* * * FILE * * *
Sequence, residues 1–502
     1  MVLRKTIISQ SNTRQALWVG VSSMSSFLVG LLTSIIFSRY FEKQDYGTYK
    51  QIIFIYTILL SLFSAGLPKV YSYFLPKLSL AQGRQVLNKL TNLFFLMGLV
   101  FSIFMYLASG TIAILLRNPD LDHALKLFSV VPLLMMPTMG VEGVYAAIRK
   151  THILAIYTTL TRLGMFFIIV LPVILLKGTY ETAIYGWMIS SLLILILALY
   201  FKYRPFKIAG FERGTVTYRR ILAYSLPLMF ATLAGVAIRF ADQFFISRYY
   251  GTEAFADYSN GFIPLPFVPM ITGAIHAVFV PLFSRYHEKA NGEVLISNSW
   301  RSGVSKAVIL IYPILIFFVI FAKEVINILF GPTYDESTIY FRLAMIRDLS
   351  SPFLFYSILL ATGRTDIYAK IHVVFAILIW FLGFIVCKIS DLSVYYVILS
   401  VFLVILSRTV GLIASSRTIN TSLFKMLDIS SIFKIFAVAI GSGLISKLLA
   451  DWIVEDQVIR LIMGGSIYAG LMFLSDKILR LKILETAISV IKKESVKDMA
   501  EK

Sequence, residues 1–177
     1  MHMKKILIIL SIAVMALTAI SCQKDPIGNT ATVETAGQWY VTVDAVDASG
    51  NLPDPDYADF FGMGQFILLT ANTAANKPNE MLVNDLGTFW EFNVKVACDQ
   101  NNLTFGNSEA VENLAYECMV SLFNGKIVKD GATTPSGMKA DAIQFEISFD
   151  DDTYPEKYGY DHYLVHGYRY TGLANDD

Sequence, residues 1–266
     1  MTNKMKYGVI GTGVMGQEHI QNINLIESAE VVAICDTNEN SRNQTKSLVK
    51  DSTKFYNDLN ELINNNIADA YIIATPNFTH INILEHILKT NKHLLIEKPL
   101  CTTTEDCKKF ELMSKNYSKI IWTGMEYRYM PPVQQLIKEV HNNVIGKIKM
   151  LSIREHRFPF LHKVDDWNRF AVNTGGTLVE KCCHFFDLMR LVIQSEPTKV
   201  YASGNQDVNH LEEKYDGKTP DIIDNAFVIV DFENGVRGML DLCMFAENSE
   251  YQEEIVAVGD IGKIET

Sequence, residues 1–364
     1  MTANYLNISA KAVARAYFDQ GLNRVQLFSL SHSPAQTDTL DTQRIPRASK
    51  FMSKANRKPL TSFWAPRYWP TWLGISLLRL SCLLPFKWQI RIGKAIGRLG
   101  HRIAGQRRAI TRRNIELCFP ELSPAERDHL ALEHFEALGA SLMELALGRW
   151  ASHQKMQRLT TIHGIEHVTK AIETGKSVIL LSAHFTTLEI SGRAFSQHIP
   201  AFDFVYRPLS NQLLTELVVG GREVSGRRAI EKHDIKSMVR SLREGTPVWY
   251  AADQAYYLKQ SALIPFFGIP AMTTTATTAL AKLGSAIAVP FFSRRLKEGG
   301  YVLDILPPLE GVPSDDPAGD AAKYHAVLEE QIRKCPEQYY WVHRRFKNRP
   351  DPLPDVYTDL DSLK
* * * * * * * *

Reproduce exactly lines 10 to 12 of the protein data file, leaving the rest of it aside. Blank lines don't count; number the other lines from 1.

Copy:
   401  VFLVILSRTV GLIASSRTIN TSLFKMLDIS SIFKIFAVAI GSGLISKLLA
   451  DWIVEDQVIR LIMGGSIYAG LMFLSDKILR LKILETAISV IKKESVKDMA
   501  EK